“Wer heilt hat recht”. Every German knows this saying and far too many believe it. Literally translated, it means THE ONE WHO HEALS IS RIGHT, and indicates that, in health care, the proof of efficacy of a treatment is self-evident: if a clinician administers a treatment and the patient improves, she was right in prescribing it and the treatment must have been efficacious. The only English saying which is vaguely similar (but rarely used for therapies) is THE PROOF OF THE PUDDING IS IN THE EATING, translated into a medical context: the proof of the treatment is in the clinical outcome.
The saying is German but the sentiment behind it is amazingly widespread across the world, particularly the alternative one. If I had a fiver for each time a German journalist has asked me to comment on this ‘argument’ I could probably invite all my readers for a beer in the pub. The notion seems to be irresistibly appealing and journalists, consumers, patients, politicians etc. fall for it like flies. It is popular foremost as a counter-argument against scientists’ objections to homeopathy and similar placebo-treatments. If the homeopath cured her patient, then she and her treatments are evidently fine!
It is time, I think, that I scrutinise the argument and refute it once and for all.
The very first thing to note is that placebos never cure a condition. They might alleviate symptoms, but cure? No!
The next issue relates to causality. The saying assumes that the sole reason for the clinical outcome is the treatment. Yet, if a patient’s symptoms improve, the reason might have been the prescribed treatment, but this is just one of a multitude of different options, e.g.:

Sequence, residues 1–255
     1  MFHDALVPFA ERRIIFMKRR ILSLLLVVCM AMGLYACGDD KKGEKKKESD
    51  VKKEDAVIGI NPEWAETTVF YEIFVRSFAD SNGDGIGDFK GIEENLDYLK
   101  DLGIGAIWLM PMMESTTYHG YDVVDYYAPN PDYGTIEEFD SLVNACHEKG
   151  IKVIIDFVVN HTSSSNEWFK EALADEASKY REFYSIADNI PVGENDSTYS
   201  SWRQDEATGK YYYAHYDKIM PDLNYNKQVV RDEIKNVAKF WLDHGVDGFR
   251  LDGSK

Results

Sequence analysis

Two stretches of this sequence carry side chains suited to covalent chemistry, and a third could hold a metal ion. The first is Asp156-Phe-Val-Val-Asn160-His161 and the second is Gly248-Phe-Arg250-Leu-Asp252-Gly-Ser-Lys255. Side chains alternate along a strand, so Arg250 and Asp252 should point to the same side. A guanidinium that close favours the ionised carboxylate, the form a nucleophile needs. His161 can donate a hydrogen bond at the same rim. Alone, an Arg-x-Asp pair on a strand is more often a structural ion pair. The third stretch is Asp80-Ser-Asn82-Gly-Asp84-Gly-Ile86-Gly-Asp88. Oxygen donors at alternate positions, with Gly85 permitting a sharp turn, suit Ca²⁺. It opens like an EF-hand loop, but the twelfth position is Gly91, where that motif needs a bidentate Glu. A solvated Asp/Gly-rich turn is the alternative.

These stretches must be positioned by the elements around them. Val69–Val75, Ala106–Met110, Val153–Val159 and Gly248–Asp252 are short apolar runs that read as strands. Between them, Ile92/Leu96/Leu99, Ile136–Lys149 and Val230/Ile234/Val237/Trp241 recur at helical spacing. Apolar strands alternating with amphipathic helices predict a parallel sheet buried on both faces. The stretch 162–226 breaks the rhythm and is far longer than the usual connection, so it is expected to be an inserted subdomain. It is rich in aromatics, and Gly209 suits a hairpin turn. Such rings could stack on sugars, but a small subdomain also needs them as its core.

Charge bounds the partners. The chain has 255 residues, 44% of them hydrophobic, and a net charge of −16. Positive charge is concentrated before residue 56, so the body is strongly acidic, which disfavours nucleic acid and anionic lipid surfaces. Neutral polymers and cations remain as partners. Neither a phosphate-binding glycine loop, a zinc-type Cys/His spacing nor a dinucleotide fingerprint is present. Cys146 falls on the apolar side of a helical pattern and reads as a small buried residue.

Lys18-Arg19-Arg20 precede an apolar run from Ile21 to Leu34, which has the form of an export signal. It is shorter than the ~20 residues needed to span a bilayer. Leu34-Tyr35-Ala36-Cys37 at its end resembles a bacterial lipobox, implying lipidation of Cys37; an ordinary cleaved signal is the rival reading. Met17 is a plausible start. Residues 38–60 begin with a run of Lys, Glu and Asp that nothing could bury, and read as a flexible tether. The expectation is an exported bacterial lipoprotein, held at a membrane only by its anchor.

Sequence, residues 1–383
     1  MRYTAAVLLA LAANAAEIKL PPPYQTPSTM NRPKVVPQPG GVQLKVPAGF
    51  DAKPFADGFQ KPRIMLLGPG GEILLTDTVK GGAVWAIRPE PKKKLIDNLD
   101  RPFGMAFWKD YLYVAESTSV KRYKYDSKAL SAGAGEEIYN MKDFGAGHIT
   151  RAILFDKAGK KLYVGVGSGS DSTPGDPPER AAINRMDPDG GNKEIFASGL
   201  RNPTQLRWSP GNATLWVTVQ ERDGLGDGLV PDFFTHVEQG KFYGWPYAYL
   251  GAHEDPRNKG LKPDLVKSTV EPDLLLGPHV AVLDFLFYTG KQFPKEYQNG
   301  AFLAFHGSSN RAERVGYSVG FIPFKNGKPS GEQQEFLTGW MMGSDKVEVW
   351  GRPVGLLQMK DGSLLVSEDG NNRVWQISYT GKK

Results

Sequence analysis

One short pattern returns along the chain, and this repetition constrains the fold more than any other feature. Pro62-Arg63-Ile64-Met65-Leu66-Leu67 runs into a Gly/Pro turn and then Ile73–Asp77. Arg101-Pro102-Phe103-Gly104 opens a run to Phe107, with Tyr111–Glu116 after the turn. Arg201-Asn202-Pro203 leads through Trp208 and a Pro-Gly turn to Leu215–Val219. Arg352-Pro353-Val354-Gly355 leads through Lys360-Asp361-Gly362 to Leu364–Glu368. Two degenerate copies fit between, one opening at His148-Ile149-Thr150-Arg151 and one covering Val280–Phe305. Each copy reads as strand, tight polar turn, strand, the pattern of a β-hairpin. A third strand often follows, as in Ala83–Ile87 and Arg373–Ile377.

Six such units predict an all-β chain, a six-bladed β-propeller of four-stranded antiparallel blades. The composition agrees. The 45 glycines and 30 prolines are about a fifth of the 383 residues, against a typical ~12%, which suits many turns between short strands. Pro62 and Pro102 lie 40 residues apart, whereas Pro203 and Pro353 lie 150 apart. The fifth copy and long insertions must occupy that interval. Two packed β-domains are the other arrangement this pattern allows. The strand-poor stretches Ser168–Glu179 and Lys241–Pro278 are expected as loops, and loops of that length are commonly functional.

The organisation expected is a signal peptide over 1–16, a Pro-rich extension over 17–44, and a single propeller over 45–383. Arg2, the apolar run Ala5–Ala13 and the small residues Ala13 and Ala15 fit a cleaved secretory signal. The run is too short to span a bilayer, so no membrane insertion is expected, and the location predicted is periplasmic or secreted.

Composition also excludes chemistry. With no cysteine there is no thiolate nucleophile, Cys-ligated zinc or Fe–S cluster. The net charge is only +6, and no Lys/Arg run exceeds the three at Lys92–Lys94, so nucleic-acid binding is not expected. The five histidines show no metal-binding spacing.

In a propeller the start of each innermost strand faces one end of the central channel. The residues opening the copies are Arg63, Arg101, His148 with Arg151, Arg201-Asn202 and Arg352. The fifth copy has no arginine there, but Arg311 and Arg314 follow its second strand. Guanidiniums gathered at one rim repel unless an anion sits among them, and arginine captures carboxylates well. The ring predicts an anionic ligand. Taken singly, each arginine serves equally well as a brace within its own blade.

- the placebo-effect
- the regression towards the mean
- the natural history of the condition
- the Hawthorne effect
- the compassion of the clinician
- other treatments that might have been administered in parallel
Often it is a complex mixture of these and possibly other phenomena that is responsible and, unless we run a proper clinical trial, we cannot even guess the relative importance of each factor. To claim in such a messy situation that the treatment given by the clinician was the cause of the improvement, is ridiculously simplistic and overtly wrong.
But that is precisely what the saying WER HEILT HAT RECHT does. It assumes a simple mono-causal relationship that never exists in clinical settings. And, annoyingly, it somewhat arrogantly dismisses any scientific evidence by implying that the anecdotal observation is so much more accurate and relevant.
The true monstrosity of the saying can be easily disclosed with a little thought experiment. Let’s assume the saying is correct and we adopt it as a major axiom in health care. This would have all sorts of terrible consequences. For instance, any pharmaceutical company would be allowed to produce colourful placebos and sell them for a premium; they would only need to show that some patients do experience some relief after taking it. THE ONE WHO HEALS IS RIGHT!
The saying is a dangerously misleading platitude. That it happens to be German and that the Germans remain so frightfully fond of it disturbs me. That the notion, in one way or another, is deeply ingrained in the mind of charlatans across the world is worrying but hardly surprising – after all, it is said to have been coined by Samuel Hahnemann.